Wild garlic is one of the first foraged ingredients to hit the Market, although I've not been quick enough to spot these very early batches.
Jersey Royals are another frontrunner, although these initial deliveries - mostly mids and ware sizes - are grown with the protection of a greenhouse. As a result, they're not cheap, either, although prices will steadily drop:
Blood oranges are in their prime. I drove home with a bumper box of Tarocco, a sweeter variety, from H G Walker. Moro, the redder orange, are also plentiful.
I also couldn't resist a pic of the batch below at The French Garden, although I believe these are not grown in Sicily, this fruit's spiritual home:
At this time of year, many other fruits are from South Africa. This includes plums, grapes, and black figs:
Yorkshire forced rhubarb is still going strong, too. See our recent Product Profile for the inside scoop on how this product is grown:
Citrus remains strong, with leafy clems, nardacotts and lemons available. Spain is a main sender:
As you might spot from displays on the market, English apples and pears are still a good shout. Main varieties are Braeburn, russets, Cox, Bramley, Comice and Conference.
Cherries are Chilean. Mangoes and papayas hail from Brazil. Pomegranates often from Iran. Strawberries and raspberries are both typically Spanish.
On the veg front, homegrown roots and brassicas are an excellent buy. Chantenay carrots and Piccolo parsnips remain popular choices.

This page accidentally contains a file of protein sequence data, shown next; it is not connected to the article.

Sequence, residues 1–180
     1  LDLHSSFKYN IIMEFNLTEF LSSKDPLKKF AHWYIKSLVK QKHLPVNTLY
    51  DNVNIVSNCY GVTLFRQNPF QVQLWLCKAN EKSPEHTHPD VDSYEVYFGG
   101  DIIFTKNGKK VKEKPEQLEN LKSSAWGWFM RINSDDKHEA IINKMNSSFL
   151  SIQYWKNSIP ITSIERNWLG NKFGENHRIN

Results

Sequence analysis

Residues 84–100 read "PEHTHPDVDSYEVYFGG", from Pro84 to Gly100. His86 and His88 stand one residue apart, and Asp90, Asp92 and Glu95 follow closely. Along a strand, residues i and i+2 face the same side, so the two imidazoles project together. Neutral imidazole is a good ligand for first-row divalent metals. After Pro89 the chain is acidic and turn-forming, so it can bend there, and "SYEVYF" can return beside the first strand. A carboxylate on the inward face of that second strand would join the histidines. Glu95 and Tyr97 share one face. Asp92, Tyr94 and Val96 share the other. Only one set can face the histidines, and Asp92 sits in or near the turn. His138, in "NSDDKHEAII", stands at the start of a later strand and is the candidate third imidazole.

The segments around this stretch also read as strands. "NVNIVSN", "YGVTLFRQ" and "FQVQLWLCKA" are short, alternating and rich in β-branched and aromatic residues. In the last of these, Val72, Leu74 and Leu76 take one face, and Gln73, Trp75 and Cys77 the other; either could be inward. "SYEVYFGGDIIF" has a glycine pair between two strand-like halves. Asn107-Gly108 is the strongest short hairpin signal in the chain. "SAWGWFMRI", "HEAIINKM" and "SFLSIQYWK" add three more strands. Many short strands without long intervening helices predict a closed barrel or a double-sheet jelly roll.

As I write, note that prices of broccoli and cauliflowers have both leveled out - so no worries there. January King cabbage is a colourful choice:
Note that purple sprouting is somewhat erratic - cold nights slow the growth of this plant right down:
Aside from Jersey Royals, there's a huge range of other spuds to take your fancy:
Jerusalem artichokes are another British crop worth considering. Petit Violet and Globe artichokes from the Continent are also on good form.
These pak choi below are also grown in this country - another exotic product, just like kohl rabi, that British growers have learnt to master:
For other lines, note that fennel is on fine form. Radicchios, also from Italy, are a fabulously diverse group of plants and look great on a plate.
These specimens are from Covent Garden Supply:
Cime di rapa and puntarelle are both still in season, too:
As for herbs, basil has suffered from snow in Israel, so was short for a while. Normal service will have hopefully resumed by the time you hit the market.
For an intriguing specialty, check out these blanched beauties at European Salad Company:
The larger specimen is blanched dandelion, which the smaller is marketed as friseline, apparently a cross between chicory and frisée? Feel free to get in touch and correct me if I'm wide of the mark.
Another interesting line from the same supplier are sweet friggiarelli (a.k.a. friarelli / friarell) peppers from Italy, often simply fried in olive oil with a sprinkle of salt, just like Padron peppers.
See you next month, when the growing season will have shifted up a gear.